FMCG strategies before liberalization – some illustrations

That was a time when FMCG companies were still the kings of marketing and HLL was the undisputed emperor of all that it surveyed. And then from out of nowhere came Karsanbhai Patel’s Nirma. If there was ever a Mahabharat in the annals of Indian marketing, this was it. Lever’s was caught in the ‘mythical wheel’ of war, unable to curb the ascending star of Nirma. Never before had a brand shaken the Lever citadel so decisively.

Alyque Padamsee, former CEO Lintas (the agency that worked on the detergents portfolio back then), recalls that Nirma was priced at a third of Surf and was as aggressive as HLL. Surf was Rs 21/kilo and Nirma was Rs 7/kilo. Importantly Karsanbhai borrowed a leaf out of HLL’s marketing manual and out advertised HLL. Ashok Ganguly, former chairman of Hindustan Lever, who back then was leading the company concurs that Karsanbhai Patel’s bottom of the pyramid approach was one of the most astute marketing moves that he has ever encountered.

Before the managers at Levers realised, Nirma was more than just another regional brand. It was time to find a way out of the mythical wheel. The company decided that Surf could not take on the Nirma challenge by dropping prices (there was actually a committee called C.R.I.S.P. – Cost Reduction in Surf Prices) and that a new strategy was needed to combat this challenger. And all this led to the birth of Operation S.T.I.N.G. — Strategy to inhibit Nirma’s growth. This was not a question of business growth, but business survival. It might seem like that’s a strong statement coming from a player credited with creating the detergent category in India. But it was true acknowledgement that the playing field had shifted, right under its nose. From Surf accounting for 70% of the market, the low cost detergents had grown rapidly enough to account for 80% of volumes – a statistic that remains true to date with mass market detergents making up 80% of volumes and 68% in value.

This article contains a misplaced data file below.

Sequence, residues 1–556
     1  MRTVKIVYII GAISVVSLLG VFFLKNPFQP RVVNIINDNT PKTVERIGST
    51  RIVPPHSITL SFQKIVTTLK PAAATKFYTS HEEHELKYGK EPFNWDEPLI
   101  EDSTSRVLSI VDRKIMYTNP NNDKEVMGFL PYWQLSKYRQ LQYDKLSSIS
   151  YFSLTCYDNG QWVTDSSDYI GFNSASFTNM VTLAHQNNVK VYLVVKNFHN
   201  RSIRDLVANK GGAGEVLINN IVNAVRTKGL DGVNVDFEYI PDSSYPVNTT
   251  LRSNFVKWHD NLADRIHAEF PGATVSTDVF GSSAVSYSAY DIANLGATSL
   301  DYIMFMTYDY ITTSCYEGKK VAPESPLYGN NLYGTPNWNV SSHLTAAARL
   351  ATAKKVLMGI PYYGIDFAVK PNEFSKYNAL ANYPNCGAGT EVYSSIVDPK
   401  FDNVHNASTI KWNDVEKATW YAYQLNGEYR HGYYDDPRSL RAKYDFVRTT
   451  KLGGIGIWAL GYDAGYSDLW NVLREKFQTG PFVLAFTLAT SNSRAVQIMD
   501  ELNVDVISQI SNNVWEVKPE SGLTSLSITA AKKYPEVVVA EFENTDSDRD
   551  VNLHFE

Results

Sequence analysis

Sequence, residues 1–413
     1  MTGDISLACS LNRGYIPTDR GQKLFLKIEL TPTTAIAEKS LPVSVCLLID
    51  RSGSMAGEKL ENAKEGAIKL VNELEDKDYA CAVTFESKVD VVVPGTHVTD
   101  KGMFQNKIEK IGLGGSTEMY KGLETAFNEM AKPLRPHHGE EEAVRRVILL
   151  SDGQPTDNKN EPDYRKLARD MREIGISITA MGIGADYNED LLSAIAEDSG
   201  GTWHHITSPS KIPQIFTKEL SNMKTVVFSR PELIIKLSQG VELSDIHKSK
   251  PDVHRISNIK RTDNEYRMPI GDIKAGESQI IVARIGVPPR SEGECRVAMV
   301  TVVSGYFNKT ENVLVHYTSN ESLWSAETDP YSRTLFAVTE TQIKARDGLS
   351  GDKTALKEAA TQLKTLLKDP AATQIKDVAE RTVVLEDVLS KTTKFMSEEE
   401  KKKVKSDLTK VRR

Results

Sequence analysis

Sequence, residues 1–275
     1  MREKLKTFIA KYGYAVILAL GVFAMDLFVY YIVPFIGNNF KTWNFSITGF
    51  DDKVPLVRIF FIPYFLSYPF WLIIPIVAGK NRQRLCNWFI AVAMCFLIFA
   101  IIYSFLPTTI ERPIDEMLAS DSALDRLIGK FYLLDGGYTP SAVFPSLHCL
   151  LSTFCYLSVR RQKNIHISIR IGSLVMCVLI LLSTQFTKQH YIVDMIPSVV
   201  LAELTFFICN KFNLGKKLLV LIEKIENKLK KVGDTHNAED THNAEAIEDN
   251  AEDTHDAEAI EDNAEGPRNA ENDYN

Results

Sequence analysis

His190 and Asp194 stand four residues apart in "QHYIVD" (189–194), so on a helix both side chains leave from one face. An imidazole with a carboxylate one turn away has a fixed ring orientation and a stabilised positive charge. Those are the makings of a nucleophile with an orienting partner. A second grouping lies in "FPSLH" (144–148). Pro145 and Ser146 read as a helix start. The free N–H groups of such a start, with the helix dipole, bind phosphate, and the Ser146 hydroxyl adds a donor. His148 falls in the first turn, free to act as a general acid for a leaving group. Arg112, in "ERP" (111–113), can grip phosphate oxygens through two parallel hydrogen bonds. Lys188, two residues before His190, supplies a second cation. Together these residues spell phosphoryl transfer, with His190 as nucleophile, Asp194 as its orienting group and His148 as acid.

Even the choice of the name Wheel was not strategic, rather it was a matter of compulsion. In those days given the stringent FERA regulations it was not easy to launch international brands. HLL had launched a detergent bar called Wheel some years prior to 1987 (with the famous Leela Mishra commercial), which had not done too well in the market and been canned. But given the FERA issue they were forced to look at an existing basket of names and decided to go with Wheel.

HLL set up a group outside the company to take the battle to Nirma’s doors. Wheel was the first low-price product from Hindustan Lever, the company decided to have a different management system. For example, even as the rest of Hindustan Lever was headquartered in Mumbai, the Wheel operations were controlled from Chandigarh. They wanted Wheel to be a standalone business of its own to dominate the low price segment. At that time the management understood the importance of going to the bottom of the pyramid. Enen consulting, heading Operation STING believes that Wheel would have never happened if it had not been for the “board at HLL that did what it took to empower people to go ahead and do it”.

The first big challenge was to come up with a low cost product that conformed to the HLL quality standards. Then CEO was determined to prove that it was possible. He says that he was convinced that it was time to move out of the long held beliefs that MNCs would not sell low end products. To him low end products did not have to be synonymous with low quality. The consumer was saying we cannot afford Lalitaji (Surf).

If consumers wanted low-price detergents, “who the hell were we to judge?” he asks. The key was to not only develop the right product but get all the other elements as well. When you are fighting low cost competition the role of other elements like marketing, pricing and distribution are very critical. Lever’s managed to be at the right time at the right place.

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